The meaning of the word 'reasonable' is without debate and is simply used by the courts to exercise the right to examine the laws limiting the freedoms granted under Article 19 of the Constitution itself. The exact extent of such a review must be determined by the courts or, in other words, it can be argued that the Constitution is silent on the question of what is and what is not a reasonable restriction? It has also been left to the courts to determine the reasonability requirement to be followed when scrutinizing the validity of any contested legislation.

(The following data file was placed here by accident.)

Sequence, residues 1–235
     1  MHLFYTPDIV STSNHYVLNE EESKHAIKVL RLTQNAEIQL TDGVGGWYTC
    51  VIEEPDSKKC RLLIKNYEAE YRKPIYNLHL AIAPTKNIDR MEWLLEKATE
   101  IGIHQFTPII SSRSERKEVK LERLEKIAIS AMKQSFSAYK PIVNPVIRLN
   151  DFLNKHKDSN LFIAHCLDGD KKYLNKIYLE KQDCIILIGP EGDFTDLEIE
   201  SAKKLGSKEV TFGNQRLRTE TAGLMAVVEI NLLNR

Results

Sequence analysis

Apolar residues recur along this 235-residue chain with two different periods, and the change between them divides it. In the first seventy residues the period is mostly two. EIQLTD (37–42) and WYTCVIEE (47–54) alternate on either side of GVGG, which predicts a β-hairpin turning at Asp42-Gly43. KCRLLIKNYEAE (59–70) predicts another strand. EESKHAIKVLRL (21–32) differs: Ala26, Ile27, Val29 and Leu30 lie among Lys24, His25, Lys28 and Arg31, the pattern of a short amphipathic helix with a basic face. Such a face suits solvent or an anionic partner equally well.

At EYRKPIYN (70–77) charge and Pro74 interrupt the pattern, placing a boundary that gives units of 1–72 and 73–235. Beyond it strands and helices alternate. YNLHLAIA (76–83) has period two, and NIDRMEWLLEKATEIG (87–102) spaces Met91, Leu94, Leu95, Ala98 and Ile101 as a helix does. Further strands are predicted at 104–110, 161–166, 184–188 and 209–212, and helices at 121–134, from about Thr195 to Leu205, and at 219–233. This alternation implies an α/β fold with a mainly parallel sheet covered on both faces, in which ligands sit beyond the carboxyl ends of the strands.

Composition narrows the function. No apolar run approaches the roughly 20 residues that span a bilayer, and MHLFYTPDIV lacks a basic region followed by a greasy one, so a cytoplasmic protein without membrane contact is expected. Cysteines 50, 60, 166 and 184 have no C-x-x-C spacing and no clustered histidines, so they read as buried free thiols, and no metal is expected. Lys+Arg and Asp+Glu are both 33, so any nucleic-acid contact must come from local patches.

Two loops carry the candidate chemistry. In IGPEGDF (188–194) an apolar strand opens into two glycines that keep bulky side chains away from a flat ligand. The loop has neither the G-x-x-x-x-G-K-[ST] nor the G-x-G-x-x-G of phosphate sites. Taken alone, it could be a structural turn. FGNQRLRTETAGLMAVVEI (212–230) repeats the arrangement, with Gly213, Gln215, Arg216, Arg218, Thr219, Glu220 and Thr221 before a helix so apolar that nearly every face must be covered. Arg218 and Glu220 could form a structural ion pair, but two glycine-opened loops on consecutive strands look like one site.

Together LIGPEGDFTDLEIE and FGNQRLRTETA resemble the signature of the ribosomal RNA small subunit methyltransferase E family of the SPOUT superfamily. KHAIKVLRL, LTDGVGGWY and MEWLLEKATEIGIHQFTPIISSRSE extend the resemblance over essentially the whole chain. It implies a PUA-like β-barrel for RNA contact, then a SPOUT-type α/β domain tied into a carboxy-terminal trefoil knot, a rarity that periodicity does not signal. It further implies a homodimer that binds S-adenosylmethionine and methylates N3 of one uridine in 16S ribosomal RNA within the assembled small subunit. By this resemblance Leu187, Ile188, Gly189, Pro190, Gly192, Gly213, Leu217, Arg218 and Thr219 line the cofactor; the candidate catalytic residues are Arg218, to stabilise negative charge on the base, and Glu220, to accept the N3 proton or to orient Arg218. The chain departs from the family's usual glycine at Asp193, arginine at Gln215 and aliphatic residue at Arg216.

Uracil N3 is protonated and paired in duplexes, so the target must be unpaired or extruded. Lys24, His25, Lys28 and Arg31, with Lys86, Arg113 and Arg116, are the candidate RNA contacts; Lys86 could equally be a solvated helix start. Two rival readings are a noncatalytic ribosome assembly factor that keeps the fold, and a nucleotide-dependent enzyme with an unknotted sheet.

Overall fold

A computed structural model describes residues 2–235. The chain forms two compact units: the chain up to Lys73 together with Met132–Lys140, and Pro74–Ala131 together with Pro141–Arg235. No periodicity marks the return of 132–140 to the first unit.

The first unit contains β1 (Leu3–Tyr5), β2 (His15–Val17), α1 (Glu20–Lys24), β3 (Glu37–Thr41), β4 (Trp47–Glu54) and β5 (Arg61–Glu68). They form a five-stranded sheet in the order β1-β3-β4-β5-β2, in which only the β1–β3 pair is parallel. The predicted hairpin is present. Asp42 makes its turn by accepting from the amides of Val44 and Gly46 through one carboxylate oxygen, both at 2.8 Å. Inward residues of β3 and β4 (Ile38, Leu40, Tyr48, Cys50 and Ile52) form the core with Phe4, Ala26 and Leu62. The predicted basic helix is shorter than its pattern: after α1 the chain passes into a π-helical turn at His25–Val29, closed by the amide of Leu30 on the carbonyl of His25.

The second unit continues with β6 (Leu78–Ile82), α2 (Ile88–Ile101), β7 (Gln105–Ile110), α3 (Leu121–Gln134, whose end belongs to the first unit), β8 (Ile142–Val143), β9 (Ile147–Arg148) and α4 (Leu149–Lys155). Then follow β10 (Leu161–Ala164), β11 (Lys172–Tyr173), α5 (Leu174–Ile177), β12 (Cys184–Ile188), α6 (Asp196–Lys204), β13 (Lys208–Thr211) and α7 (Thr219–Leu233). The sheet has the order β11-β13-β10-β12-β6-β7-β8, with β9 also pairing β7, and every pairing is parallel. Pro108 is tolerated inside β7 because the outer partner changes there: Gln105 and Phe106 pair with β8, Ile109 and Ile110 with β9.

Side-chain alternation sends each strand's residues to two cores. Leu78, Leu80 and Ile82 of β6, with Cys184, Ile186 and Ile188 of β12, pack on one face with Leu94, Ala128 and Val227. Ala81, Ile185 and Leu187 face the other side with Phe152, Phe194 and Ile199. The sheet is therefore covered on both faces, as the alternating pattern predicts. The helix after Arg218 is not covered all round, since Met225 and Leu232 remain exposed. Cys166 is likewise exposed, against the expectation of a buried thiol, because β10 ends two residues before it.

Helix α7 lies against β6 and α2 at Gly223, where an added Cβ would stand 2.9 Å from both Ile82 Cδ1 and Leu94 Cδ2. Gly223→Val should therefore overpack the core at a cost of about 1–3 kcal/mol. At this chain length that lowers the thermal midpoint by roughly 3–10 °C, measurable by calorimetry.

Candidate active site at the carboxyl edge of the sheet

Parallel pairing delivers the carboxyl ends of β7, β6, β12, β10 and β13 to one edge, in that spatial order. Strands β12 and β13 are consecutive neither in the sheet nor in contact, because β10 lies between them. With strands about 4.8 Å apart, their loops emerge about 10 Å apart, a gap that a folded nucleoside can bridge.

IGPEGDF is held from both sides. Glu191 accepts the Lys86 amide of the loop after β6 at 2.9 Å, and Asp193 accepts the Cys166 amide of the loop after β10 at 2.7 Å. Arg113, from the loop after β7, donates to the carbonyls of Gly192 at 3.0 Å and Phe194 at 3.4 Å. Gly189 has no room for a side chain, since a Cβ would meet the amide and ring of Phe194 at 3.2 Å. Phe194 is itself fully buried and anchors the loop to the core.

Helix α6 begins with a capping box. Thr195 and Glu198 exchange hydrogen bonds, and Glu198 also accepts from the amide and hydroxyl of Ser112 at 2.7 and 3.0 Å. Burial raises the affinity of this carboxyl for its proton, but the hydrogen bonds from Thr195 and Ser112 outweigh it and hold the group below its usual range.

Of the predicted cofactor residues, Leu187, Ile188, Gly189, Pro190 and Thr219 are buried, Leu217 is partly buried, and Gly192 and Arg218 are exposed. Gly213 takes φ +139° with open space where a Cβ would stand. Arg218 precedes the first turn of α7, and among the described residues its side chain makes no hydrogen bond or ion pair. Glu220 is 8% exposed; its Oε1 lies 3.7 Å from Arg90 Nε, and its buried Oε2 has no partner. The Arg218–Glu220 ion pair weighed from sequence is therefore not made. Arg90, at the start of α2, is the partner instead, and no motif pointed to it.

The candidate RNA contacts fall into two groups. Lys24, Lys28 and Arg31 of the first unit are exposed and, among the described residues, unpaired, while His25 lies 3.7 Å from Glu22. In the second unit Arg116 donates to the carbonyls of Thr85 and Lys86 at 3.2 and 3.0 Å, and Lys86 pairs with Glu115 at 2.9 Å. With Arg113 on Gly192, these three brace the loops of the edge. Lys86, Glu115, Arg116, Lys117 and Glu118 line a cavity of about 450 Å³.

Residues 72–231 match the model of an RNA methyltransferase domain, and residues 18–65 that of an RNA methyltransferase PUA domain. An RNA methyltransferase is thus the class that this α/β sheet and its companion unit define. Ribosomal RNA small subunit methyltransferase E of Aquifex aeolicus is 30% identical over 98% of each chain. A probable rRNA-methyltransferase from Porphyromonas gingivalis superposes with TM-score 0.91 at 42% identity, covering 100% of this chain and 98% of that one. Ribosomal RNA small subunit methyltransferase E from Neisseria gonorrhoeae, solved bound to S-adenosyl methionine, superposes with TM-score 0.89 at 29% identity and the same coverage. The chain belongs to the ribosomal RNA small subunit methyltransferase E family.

The extent of reasonableness and restrictions were highlighted in the case of Dr. N.B. Khare v. State of Delhi. Under the East Punjab Public Safety Act, 1949 there was an order which prohibits the right to move throughout the country. The petitioner challenged this as being a transgression with the Article (19) (d). Most of the reasons relied on by the petitioners were directed towards the procedural element of the law at issue. On behalf of the government, it was argued that only substantive law on that issue could be reviewed by the Court and that, if the limitations on its content were considered to be fair, the petition had to be dismissed without going through the other aspects of the law. In this case the Court rejected the narrow understanding for the expression ‘reasonable’ that limited the power of the Court to interpret only the substantive part of law in this case.